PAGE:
Q From Shane: Where does the expression deader than Kelsey’s nuts come from and what does it mean?
A I’m told it’s an expression that former US President Richard Nixon was rather fond of using. Like other Americans before and since, he meant by it that something was unquestionably and permanently defunct. You might hear somebody say “The battery’s deader than Kelsey’s nuts”, or “His chances of surviving the election are deader than Kelsey’s nuts”.
That takes care of the meaning, but who or what was Kelsey and what was so special about those nuts? He turns out to have been a real person, John Kelsey, one of the pioneers of car manufacture in the USA. With the encouragement of Henry Ford, he set up the Kelsey Wheel Company in 1910. By 1913 this was based in Windsor, Ontario, just across the river from Detroit. To start with, he manufactured the wooden wheels that were then state of the art, but later moved into making wire-spoke wheels and later steel wheels. As Kelsey-Hayes Canada Ltd, the company still exists.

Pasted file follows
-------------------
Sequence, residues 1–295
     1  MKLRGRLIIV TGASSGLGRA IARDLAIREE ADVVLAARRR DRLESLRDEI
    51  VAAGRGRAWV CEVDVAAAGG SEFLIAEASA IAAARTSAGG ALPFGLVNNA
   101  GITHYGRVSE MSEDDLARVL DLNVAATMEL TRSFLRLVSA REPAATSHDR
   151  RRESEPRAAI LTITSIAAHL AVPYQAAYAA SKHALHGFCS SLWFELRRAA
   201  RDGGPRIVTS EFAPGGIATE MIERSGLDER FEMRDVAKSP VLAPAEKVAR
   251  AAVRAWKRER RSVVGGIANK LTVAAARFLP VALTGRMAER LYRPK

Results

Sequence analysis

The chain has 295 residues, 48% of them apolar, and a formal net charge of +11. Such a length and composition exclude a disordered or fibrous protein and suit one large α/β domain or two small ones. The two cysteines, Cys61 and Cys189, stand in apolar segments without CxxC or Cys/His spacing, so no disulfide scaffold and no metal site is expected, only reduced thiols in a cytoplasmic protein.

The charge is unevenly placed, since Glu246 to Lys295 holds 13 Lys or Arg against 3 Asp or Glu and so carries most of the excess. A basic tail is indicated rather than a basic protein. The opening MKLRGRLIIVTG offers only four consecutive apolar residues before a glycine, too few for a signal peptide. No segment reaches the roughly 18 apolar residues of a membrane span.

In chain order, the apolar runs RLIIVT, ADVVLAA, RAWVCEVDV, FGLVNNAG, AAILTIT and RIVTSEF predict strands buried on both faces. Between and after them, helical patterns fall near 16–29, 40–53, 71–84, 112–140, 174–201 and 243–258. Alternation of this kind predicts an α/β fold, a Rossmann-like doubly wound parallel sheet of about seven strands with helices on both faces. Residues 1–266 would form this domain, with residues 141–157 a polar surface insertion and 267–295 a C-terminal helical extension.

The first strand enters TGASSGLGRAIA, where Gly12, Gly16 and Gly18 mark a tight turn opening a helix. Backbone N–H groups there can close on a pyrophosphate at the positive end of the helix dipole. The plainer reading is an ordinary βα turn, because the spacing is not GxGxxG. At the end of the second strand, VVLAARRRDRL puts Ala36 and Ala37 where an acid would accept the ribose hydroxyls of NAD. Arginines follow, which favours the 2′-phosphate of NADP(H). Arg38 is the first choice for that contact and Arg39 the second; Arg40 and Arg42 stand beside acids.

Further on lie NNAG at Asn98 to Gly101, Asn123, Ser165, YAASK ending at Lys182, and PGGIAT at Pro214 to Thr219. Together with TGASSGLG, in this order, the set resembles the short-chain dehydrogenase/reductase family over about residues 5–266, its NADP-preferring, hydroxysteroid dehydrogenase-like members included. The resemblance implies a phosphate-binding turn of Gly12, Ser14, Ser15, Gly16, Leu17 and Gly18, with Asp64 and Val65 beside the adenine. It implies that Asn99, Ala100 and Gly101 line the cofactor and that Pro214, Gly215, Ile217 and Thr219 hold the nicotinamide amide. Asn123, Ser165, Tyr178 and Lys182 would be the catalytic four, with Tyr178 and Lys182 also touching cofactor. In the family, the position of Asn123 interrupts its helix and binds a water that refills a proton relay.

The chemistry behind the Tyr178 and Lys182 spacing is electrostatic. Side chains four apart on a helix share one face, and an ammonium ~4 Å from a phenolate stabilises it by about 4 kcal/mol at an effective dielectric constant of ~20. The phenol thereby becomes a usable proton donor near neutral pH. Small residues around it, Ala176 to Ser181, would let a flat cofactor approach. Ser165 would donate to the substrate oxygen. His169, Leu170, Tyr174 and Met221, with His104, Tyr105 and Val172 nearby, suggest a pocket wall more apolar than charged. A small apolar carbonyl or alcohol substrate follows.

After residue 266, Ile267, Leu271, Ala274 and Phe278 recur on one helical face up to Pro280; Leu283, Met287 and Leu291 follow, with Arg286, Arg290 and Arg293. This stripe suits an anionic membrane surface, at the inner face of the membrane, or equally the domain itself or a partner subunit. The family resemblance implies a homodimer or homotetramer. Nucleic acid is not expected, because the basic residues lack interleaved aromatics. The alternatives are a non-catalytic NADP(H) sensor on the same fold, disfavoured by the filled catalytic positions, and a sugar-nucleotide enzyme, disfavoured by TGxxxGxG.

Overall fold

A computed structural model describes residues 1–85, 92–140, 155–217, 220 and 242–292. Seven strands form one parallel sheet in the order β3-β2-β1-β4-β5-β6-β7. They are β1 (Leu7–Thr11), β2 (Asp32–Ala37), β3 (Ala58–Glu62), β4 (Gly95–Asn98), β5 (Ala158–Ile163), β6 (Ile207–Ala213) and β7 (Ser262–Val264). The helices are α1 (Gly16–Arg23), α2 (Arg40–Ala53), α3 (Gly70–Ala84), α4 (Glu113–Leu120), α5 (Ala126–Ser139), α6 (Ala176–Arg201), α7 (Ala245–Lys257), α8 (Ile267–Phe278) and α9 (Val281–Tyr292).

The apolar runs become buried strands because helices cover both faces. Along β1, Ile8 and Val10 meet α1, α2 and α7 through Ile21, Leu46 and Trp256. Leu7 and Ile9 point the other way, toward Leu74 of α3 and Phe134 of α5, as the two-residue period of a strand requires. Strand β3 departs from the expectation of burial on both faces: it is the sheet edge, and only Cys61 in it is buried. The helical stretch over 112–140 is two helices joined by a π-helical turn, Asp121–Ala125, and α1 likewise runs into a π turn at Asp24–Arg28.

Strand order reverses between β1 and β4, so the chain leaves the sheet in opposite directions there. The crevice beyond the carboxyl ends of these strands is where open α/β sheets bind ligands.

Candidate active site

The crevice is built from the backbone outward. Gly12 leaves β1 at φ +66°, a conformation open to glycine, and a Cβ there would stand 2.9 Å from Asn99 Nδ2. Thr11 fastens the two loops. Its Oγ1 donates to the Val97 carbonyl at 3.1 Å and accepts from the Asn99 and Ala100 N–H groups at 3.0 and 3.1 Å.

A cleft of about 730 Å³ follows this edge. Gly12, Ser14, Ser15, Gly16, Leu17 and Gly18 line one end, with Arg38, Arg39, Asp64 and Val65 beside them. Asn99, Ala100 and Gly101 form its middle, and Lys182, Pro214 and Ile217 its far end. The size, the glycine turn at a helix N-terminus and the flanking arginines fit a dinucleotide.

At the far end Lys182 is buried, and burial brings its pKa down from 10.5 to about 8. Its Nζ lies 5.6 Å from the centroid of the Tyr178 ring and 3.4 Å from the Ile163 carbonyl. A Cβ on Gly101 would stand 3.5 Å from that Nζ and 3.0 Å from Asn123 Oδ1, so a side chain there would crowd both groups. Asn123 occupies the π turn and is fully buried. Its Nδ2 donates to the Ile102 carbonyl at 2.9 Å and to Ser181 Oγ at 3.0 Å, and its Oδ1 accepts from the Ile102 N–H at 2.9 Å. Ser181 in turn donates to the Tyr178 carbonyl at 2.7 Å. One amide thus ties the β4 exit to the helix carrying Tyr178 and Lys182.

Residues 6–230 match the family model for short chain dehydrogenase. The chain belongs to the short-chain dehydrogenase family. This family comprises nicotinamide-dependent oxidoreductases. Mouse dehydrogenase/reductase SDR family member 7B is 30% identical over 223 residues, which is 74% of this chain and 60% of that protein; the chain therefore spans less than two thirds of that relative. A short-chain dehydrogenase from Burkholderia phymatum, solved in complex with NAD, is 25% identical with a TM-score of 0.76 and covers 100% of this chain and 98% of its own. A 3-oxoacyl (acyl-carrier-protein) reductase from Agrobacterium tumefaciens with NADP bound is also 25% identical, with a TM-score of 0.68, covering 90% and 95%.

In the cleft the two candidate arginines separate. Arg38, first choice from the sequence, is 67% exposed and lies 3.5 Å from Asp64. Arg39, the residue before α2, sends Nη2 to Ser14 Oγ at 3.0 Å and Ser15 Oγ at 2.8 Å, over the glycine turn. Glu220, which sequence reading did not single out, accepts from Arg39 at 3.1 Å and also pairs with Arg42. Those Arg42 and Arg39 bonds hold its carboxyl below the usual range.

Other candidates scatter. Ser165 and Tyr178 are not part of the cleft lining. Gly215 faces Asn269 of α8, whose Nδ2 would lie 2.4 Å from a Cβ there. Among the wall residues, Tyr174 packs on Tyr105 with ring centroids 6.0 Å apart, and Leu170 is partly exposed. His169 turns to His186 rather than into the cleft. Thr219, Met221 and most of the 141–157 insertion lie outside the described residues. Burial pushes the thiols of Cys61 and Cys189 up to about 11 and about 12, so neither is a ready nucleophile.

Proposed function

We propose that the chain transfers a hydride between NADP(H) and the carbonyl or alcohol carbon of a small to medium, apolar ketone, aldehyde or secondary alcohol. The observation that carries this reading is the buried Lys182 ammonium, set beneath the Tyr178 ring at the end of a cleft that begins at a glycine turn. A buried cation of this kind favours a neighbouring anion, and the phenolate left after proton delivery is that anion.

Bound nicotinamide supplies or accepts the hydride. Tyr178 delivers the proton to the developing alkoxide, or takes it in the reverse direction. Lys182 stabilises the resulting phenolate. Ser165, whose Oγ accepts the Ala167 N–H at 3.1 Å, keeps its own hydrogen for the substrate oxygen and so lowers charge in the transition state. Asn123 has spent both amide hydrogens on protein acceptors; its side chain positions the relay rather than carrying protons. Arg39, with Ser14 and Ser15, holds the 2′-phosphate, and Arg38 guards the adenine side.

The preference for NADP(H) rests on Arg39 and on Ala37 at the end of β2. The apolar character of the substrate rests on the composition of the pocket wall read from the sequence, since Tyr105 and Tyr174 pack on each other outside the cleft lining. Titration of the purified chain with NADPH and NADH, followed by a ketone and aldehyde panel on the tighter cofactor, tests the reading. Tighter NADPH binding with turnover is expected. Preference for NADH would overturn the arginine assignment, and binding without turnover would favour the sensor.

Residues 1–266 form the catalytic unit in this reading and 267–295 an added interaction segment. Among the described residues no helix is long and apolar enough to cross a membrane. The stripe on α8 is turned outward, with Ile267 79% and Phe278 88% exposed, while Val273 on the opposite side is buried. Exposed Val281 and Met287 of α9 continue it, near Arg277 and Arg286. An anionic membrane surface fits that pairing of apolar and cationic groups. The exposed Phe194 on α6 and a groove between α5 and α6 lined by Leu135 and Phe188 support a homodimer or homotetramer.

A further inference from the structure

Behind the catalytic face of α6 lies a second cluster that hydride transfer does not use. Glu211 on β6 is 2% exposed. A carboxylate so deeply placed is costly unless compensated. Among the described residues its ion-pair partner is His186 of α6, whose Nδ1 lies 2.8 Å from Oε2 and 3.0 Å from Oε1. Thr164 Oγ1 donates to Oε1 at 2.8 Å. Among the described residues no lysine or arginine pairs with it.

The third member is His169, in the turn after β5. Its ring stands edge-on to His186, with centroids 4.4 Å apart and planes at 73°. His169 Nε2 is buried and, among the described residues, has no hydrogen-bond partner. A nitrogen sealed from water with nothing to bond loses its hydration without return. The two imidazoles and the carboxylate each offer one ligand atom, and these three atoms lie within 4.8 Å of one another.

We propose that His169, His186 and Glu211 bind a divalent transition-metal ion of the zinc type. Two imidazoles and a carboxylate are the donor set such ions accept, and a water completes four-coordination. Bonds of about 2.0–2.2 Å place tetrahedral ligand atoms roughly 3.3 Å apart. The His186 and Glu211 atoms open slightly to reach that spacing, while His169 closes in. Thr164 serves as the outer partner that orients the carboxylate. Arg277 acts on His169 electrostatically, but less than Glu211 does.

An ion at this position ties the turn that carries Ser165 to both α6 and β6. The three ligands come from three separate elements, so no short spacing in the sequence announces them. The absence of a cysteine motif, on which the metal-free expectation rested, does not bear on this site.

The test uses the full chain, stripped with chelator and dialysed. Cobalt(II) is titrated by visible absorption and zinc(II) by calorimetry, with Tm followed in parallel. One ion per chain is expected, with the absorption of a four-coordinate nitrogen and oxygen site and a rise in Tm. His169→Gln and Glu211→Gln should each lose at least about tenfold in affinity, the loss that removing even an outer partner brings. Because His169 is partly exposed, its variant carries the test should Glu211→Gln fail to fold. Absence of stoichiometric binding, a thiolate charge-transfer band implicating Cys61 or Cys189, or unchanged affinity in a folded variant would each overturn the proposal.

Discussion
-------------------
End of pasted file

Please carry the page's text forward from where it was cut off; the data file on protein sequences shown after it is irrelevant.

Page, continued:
The saying refers to the proverbially secure attachment provided by the nuts and bolts on the wheels that Kelsey’s company made. In the view of the public, nothing could be fixed more tightly. And the obvious anatomical innuendoes in those nuts made the saying just a little naughty. Though some examples are recorded from the 1930s, the phrase began to become more widely known in the 1950s. Early on, it appeared as “tighter than Kelsey’s nuts” to mean a person who was stingy or mean, and is also recorded in the form “as safe as Kelsey’s nuts”, meaning very safe.
By the early 1960s, it had evolved away from these fairly obvious formations to the imaginative and metaphorical phrase still used today. It would appear to have been a close parallel to — perhaps borrowed from — the much older as dead as a doornail.
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